In saying that, moreover, I’m not talking about whatever interest people have in securing comfortable accommodations in the afterlife. I’m focused entirely on the here and now.

Look: What an ordinary individual believes about the “facts” on climate change has no impact on the climate.

What he or she does as a consumer, as a voter, or as a participant in public debate is just too inconsequential to have an impact.

No mistake that individual makes about the science on climate change, then, is going to affect the risk posed by global warming for him or her or for anyone else that person cares about.

But if he or she takes the “wrong” position in relation to his or her cultural group, the result could be devastating for her, given what climate change now signifies about one’s membership in and loyalty to opposing cultural groups.

It could drive a wedge—material, emotional, and psychological—between individual the people whose support are indispensable to his or her well-being.

In these circumstances, we should expect a rational person to engage information in a manner geared to forming and persisting in positions that are dominant within their cultural groups. And the better they are at making sense of complex information—the more science comprehending they are –the better they’ll do at that. 

That’s what we see in lab experiments.  And it’s why we see polarization on global warming intensifying in step with science literacy in the real world.

But while that’s the rational way for people to engage information as individuals, given what climate change signifies about their cultural identities, it’s a disaster for them collectively.  Because if everyone does this at the same time, members of a culturally diverse democratic society are less likely to converge on scientific evidence that is crucial to the welfare of all of them.

And yet that by itself doesn’t make it any less rational for individuals to attend to information in a manner that reliably connects them to the position that is dominant in their group.

This is a tragedy of the commons problem—a tragedy of the science communications commons.

If we want to overcome it, then we must disentangle competing positions on climate change from opposing cultural identities, so that culturally pluralistic citizens aren’t put in the position of having to choose between knowing what’s known to science and being who they are.

Only that will dissolve the conflict citizens now face between their personal incentive to form identity-consistent beliefs and the collective one they have in recognizing and giving effect to the best available evidence.

Science educators, by the way, have already figured this out about evolution. They’ve shown you can in fact teach the elements of the modern synthesis-- random mutation, genetic variance and natural selection—just as readily to students whose identities cohere with saying they “don’t believe” in evolution as you can to students whose identities cohere with saying they do. You just can’t expect the former to “I believe in evolution” after.

Indeed, you must take pains not to confuse understanding evolutionary science with the “pledge of cultural allegiance” that “I believe in evolution” has become.

You must remove from the education environment the toxic cultural meanings that make answers to that question badges of membership in and loyalty to one’s cultural group.  The meanings that fuel the pathetic spectacle of hand-wringing and hair-pulling that occurs every time Gallup or another organization issues its “do you believe in evolution” survey results.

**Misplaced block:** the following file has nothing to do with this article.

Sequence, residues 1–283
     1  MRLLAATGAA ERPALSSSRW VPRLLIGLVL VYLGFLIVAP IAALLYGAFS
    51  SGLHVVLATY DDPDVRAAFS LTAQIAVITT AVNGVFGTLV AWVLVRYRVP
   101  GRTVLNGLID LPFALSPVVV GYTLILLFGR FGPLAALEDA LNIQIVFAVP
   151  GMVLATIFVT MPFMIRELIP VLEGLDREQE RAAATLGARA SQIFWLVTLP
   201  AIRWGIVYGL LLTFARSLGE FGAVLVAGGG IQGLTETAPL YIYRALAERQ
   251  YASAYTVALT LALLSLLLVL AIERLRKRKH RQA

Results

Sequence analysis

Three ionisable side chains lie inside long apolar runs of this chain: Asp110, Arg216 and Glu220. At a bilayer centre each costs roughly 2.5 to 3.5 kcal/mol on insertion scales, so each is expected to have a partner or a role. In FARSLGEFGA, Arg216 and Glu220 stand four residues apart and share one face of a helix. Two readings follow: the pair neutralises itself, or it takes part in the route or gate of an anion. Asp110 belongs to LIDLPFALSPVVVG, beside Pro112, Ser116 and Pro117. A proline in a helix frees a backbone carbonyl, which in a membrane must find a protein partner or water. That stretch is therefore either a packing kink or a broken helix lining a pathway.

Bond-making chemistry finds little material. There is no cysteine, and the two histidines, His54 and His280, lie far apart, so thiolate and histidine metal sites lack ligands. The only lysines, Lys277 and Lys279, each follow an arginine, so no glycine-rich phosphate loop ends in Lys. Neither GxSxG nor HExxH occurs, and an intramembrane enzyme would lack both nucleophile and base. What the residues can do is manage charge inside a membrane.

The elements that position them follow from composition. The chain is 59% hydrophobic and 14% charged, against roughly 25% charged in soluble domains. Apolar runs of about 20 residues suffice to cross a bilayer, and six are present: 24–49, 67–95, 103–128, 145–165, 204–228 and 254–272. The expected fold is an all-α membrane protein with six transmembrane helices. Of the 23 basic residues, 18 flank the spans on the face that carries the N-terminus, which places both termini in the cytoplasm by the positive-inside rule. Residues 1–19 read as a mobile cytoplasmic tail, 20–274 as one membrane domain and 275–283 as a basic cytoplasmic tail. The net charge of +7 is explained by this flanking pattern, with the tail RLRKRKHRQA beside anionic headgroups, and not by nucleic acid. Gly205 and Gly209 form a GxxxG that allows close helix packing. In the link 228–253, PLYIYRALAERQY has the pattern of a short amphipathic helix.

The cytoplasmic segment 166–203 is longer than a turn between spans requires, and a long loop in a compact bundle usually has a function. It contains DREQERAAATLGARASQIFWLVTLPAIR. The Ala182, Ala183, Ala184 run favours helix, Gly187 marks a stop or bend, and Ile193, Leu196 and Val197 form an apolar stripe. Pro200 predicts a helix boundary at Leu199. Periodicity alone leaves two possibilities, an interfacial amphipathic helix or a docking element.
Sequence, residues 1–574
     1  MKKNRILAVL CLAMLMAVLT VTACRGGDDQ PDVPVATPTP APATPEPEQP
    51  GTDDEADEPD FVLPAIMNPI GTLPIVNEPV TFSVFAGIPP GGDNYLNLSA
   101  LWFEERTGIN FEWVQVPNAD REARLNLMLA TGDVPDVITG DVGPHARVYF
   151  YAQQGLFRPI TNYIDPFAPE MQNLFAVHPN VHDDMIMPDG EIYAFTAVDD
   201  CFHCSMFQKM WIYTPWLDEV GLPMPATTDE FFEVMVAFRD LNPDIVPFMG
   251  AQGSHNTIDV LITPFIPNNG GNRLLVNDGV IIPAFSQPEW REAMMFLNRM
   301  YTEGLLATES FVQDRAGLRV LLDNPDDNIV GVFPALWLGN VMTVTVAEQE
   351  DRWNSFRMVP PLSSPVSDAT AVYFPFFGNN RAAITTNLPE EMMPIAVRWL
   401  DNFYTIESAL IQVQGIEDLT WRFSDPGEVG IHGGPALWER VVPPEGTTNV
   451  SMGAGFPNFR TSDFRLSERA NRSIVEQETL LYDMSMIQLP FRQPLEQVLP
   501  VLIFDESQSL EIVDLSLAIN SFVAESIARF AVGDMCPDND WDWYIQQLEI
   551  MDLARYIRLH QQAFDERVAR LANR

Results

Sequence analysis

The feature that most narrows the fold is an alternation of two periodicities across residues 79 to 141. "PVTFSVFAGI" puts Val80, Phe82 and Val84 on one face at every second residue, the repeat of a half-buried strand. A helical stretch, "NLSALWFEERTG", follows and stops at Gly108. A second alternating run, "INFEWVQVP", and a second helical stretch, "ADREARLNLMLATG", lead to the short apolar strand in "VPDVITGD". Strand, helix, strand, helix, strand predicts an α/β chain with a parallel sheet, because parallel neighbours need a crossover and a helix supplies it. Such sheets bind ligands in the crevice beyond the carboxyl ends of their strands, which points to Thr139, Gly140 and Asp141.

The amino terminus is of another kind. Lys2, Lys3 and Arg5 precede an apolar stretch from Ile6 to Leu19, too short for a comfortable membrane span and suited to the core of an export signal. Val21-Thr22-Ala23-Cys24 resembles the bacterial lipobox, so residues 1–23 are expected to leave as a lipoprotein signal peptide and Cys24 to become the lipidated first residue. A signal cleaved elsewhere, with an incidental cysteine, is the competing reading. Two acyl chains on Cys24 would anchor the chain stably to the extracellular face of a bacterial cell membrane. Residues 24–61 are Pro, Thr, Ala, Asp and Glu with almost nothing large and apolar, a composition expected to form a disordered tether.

All the diverse groups that make up our pluralistic democracy are amply stocked with science knowledge.

They are amply stocked with public spirit too. 

That means you, as a science communicator, can enable these citizens to converge on the best available evidence on climate change.

But to do it, you must banish from the science communication environment the culturally antagonistic meanings with which positions on that issue have become entangled—so that citizens can think and reason for themselves free of the distorting impact of identity-protective cognition.

If you want to know what that sort of science communication environment looks like, I can tell you where you can see it: in Florida, where all 7 members of the Monroe County Board of Commissioners -- 4 Democrats, 3 Republicans -- voted unanimously to join Broward County (predominantly Democratic), Monroe County (predominantly Republican), and Miami-Dade County (predominantly Republican) in approving the Southeast Climate Compact Action plan, which, I quote from the Palm Beach County Board summary, “includes 110 adaptation and mitigation strategies for addressing seal-level risk and other climate issues within the region.”

I’ll tell you another thing about what you’ll see if you make this trip: the culturally pluralistic, and effective form of science communication happening in southeast Florida doesn’t look anything  like the culturally assaultive "us-vs-them" YouTube videos and prefabricated internet comments with which Climate Reality and Organizing for American are flooding national discourse.

And if you want to improve public engagement with climate science in the United States, the fact that advocates as high profile and as highly funded as that still haven’t figured out the single most important lesson to be learned from the science of science communication should make you very sad.

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Reader Comments (16)

I wonder if the Florida example is one of removing cultural relevance from the debate or simply dropping the bar for success down to an achievable level. I mean this in the sense that it shouldn't have been difficult to convince the voters of Southern Florida to adopt measures to prevent damage from flooding. To borrow an old Onion joke, even the most black hearted conservative will be as amenable to "how about we don't build the million dollar mansions on the beaches which flood every time there's a hurricane" as medieval doctors were to "maybe if we don't store the corpses in the drinking water it will be better for our health."

April 23, 2014 | Unregistered CommenterRyan